Ink, Duke of York’s Theatre, review: ‘Story of Rupert Murdoch v Fleet Street set to be smash hit’
- Credit: Archant
If it bleeds it leads, the rather grisly saying goes in tabloid newsrooms.
And here is a suitably gory tale of how The Sun made its meteoric rise to become Britain’s most successful tabloid newspaper in the 1960s.
We enter the action as the down-at-heel Sun is the laughing stock of Fleet Street, a dowdy broadsheet with a plummeting circulation and no future.
That’s until The Mirror’s high-riding editor Hugh Cudlipp (Jonathan Coy) makes the schoolboy error of selling to new boy on the block Rupert Murdoch, who promptly orchestrates a vicious coup against the Fleet Street establishment from the inside.
The play sizzles with the drama of personal rivalries and ambitions.
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Machiavellian Murdoch’s drive to see off ‘the stuffy old club’ of Fleet Street editors makes him an oddly sympathetic character, alongside his obvious and unexpected distaste for The Sun’s more smutty extremes.
Meanwhile hand-picked new editor Larry Lamb has his own axe to grind after being passed over for promotion at The Mirror.
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The gruff northerner is a figure of flawed genius, arguably the tragic hero of the plot as his brilliant talent creates a Frankenstein’s monster that even he cannot control.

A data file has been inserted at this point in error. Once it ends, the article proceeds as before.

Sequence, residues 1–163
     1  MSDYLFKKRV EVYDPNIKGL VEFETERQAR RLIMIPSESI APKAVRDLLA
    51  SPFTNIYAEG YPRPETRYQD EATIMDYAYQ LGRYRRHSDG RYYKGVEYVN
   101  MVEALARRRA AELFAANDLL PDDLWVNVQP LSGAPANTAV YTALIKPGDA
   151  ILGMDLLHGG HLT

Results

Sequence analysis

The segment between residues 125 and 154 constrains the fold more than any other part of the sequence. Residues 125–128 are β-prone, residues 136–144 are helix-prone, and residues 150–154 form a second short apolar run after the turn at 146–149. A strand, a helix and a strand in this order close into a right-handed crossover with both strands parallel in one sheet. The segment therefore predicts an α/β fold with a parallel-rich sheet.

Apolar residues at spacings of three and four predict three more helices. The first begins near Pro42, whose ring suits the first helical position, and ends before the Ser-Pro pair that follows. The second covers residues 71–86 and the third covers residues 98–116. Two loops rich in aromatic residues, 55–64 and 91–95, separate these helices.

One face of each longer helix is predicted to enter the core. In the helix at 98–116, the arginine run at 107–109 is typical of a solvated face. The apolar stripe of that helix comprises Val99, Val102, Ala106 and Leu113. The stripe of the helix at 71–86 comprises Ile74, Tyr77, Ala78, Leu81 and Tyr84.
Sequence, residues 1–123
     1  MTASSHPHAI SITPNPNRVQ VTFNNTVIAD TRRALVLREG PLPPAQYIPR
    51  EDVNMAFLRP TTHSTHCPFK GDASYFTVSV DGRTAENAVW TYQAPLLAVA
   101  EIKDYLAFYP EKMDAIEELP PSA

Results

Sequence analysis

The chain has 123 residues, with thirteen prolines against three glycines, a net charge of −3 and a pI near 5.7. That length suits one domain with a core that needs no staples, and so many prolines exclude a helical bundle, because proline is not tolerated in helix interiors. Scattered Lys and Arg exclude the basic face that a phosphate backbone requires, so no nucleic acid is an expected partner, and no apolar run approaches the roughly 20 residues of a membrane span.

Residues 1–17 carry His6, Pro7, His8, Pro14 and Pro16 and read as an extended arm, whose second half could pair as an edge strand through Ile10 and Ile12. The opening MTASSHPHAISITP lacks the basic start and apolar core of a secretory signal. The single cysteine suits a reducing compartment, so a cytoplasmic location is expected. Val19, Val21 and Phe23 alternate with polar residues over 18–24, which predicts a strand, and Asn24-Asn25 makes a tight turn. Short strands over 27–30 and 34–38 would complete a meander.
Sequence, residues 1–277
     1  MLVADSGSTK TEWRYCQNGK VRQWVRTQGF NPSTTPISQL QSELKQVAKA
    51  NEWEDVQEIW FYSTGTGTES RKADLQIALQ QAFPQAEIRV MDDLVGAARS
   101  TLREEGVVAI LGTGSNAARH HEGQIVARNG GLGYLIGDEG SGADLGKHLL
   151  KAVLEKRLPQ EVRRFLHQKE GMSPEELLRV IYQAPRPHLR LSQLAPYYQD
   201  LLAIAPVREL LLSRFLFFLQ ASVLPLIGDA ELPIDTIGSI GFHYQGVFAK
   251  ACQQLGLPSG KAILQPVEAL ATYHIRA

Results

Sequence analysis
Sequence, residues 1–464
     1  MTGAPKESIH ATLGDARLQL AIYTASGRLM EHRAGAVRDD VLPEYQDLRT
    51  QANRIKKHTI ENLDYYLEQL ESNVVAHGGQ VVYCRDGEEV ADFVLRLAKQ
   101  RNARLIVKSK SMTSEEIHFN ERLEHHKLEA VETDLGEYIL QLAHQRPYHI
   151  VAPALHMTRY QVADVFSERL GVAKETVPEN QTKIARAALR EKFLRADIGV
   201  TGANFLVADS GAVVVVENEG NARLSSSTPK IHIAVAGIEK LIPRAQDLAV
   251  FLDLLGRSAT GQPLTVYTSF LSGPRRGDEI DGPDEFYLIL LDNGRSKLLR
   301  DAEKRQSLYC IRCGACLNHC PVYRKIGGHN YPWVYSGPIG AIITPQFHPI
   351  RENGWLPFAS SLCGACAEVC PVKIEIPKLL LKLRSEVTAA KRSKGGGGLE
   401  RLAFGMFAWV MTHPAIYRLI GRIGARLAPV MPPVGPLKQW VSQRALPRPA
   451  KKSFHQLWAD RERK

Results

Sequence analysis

But it’s the titan cultural clash between the measured tabloidism of The Mirror and the sensational brash new tub-thumping Sun that creates the play’s knife edge drama.
It’s hard not to like The Sun’s rambunctious recipe of booze and fags, footie and gossip, telly and bonking celebrities.
But as Cudlip warns his former protege Lamb: “Create an appetite and be wary, you’ll have to keep feeding it.”
Fresh onto the West End stage from a sell-out run at Islington’s Almeida, Ink has all the elements of a hit show. There’s a compelling story of victory in the face of adversity, sharp and witty writing from playwright James Graham, stand-out performances by a star-studded cast, and even the odd, wonderfully surreal, music-hall number.
It’s perfect material for director Rupert Goold’s hallmark touch of presenting moments of serious social history with a camp pop-culture retelling, which has seen him lauded for previous hits such as Enron.
The cast is energetic and entertaining. Doctor Foster star Bertie Carvel is brilliant as Rupert Murdoch, a hunched figure pulsing with the pent-up energy of a boxer spoiling for a fight.
He is almost unrecognisable as the dapper star of the BBC drama, and Coupling actor Richard Coyle’s Larry Lamb is a brilliant foil to him, the quintessential working-class boy made good, sardonic, mischievous and hugely likeable.
At the heart of this show is a cracking story. For my money Ink will be the hot ticket of the season.
Rating: 5/5 stars